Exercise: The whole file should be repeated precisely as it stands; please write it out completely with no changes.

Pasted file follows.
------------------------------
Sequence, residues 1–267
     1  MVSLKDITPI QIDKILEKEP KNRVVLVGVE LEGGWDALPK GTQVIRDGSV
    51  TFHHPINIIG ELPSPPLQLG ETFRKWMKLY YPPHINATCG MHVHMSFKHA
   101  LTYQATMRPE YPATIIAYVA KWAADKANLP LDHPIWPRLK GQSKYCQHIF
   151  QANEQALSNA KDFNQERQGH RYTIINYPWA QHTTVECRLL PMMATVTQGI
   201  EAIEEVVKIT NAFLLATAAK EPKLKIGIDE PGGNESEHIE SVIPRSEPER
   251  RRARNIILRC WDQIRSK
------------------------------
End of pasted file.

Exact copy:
Sequence, residues 1–267
     1  MVSLKDITPI QIDKILEKEP KNRVVLVGVE LEGGWDALPK GTQVIRDGSV
    51  TFHHPINIIG ELPSPPLQLG ETFRKWMKLY YPPHINATCG MHVHMSFKHA
   101  LTYQATMRPE YPATIIAYVA KWAADKANLP LDHPIWPRLK GQSKYCQHIF
   151  QANEQALSNA KDFNQERQGH RYTIINYPWA QHTTVECRLL PMMATVTQGI
   201  EAIEEVVKIT NAFLLATAAK EPKLKIGIDE PGGNESEHIE SVIPRSEPER
   251  RRARNIILRC WDQIRSK